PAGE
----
16 Tenessee The Volunteers are ready for a return to basics thanks to a tough off-season regimen that was anything but voluntary

August 10, 2003

As he lay in his hospital bed last Nov. 3, Tennessee offensive
tackle Michael Munoz must have wondered what else could go wrong.
He had already sat out the 2001 season following surgery on his
left knee, and though he'd come back to reclaim his starting
slot, he had been playing with his broken right hand in a cast
and a bum left shoulder that would also require surgery. But when
Munoz, the son of Hall of Fame offensive tackle Anthony Munoz,
awoke that November morning, his lower left leg had swollen
considerably because of a staph infection. The 6'6", 305-pound
Munoz spent the next five days in the hospital, watching game
film in the vain hope of returning the next week against Miami.
"I've had multiple surgeries, but that was the most pain I've
ever had," Munoz says. "You couldn't do anything to get
comfortable." Yet when asked for last season's low point, Munoz
points not to that miserable time but to the humiliating 30-3
loss to Maryland in the Peach Bowl, in which the Volunteers
looked to be beset by selfishness and a lack of discipline. "I
didn't come to Tennessee to go 8-5," Munoz says.

In January the players called a meeting and chose their own
captains, including Munoz, a junior. They also decided that if
anyone missed the "voluntary" players-only workouts this summer,
everyone would run 10 gassers--sprints the width of the field--at
7 a.m. The punishment was doled out just once before the message
got through. "We're still molding ourselves back to what we want
to be," says coach Phillip Fulmer, "but this has been a fun team
to be around, whereas last year's was not."

There's enough talent on hand to expect a turnaround. Senior
quarterback Casey Clausen has started 31 games and ranks ahead of
Peyton Manning in career passing percentage (63.2 to 62.5).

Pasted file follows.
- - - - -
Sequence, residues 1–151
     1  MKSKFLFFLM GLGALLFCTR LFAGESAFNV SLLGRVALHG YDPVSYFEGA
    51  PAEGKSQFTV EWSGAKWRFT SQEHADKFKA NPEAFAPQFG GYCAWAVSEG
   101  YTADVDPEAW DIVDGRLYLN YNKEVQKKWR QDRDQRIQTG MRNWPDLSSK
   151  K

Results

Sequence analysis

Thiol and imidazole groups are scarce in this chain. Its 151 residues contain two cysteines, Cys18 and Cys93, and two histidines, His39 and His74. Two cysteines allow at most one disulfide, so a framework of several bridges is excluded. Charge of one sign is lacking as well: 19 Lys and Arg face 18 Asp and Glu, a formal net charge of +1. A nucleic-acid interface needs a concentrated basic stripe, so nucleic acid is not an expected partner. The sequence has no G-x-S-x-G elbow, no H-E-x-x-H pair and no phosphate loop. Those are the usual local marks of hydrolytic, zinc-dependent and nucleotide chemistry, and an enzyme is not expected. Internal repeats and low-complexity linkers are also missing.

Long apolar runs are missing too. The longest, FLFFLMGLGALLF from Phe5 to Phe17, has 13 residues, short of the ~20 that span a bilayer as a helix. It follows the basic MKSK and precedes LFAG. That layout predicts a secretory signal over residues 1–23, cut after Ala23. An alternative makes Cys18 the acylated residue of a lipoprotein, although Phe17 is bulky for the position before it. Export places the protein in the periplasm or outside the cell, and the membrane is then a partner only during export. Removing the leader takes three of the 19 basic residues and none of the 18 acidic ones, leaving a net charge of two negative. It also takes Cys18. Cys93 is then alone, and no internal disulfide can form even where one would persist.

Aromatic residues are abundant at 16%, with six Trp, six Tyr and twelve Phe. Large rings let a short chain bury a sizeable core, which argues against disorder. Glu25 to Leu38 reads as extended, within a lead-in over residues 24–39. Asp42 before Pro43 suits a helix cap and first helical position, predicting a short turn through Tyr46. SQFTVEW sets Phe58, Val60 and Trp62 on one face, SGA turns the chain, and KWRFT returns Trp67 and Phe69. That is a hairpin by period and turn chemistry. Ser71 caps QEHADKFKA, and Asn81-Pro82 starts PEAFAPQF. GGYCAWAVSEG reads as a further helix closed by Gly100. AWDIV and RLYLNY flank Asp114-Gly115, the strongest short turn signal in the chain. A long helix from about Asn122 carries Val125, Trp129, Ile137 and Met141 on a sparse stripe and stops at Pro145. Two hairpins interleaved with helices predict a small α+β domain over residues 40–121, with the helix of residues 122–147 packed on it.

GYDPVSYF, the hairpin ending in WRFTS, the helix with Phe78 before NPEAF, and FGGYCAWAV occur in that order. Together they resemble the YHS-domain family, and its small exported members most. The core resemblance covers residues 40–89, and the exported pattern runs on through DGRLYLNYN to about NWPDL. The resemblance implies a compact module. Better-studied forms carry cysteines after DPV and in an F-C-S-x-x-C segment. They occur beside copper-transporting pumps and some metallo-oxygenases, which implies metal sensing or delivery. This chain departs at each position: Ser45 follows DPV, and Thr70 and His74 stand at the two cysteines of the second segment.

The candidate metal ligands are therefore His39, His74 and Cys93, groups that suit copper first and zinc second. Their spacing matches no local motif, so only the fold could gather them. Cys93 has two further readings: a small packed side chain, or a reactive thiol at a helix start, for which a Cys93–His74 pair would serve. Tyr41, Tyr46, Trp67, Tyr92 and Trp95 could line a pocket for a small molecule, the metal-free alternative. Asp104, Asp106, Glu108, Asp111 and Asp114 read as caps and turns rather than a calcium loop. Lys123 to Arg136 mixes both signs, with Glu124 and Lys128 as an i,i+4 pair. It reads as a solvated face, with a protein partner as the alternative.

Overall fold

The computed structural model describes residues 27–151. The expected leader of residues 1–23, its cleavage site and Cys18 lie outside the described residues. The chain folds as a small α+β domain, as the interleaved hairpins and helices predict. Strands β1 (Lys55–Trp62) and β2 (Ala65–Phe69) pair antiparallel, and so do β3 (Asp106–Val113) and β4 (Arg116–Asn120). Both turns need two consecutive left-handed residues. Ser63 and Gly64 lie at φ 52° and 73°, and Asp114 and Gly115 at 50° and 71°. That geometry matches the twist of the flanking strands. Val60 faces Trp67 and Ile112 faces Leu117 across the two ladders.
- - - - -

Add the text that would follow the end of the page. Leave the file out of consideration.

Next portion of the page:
Fulmer says his linebacking crew--junior Kevin Burnett,
sophomores Kevin Simon and Jason Mitchell, and senior Robert
Peace--may be as good as the one on his '98 national title team.
Tennessee also welcomes back four regular starters on the
offensive line, which bodes well for a return to the Volunteers'
traditional power running game.

Of course, it always helps to have some added motivation, and
last season's failures provide just that. "Guys are definitely
hungry for the season to start," Munoz says. "We don't want a
repeat of last year." --P.M.

COLOR PHOTO: DAVID BERGMAN CAPTAIN COURAGEOUS Munoz has battled back from injuries and a staph infection to anchor the O-line and help lead a Vols revival.

FAST FACTS

2002 RECORD 8-5 (5-3, 3rd in SEC East)
FINAL AP RANK NR
RETURNING STARTERS 13

KEY RETURNEES (2002 stats)

QB Casey Clausen (Sr.)
Perfect 9-0 as starter in enemy stadiums

FS Rashad Baker (Sr.)
Leads all active SEC players with 10 career INTs

RB Cedric Houston (Jr.)
Ran for 100-plus yards in four straight games

OT Michael Munoz (Jr.)
Has started 24 games despite being banged up

P Dustin Colquitt (Jr.)
Had 10 punts downed inside 10-yard line

TELLING NUMBER

.778
Winning percentage (49-14) from 1998 to 2002 for the Vols, best
of any SEC school over that span. Florida is second at .746
(47-16).

SMART MOVE

Though Tennessee is known as Wide Receiver U, big aerial plays
were sorely lacking last fall. In response, the Vols moved 5'9",
185-pound senior Mark Jones, who was recruited as a receiver but
had switched to safety, back to offense. Tennessee is counting on
Jones as a deep threat to help it live up to its nickname.

SCHEDULE

AUG. 30 FRESNO STATE
SEPT. 6 MARSHALL
20 AT FLORIDA
27 SOUTH CAROLINA
OCT. 4 AT AUBURN
11 GEORGIA
25 AT ALABAMA
NOV. 1 DUKE
8 AT MIAMI
15 MISSISSIPPI STATE
22 VANDERBILT
29 AT KENTUCKY

HOLE YARDS PAR R1 R2 R3 R4
OUT
HOLE YARDS PAR R1 R2 R3 R4
IN
Eagle (-2)
Birdie (-1)
Bogey (+1)
Double Bogey (+2)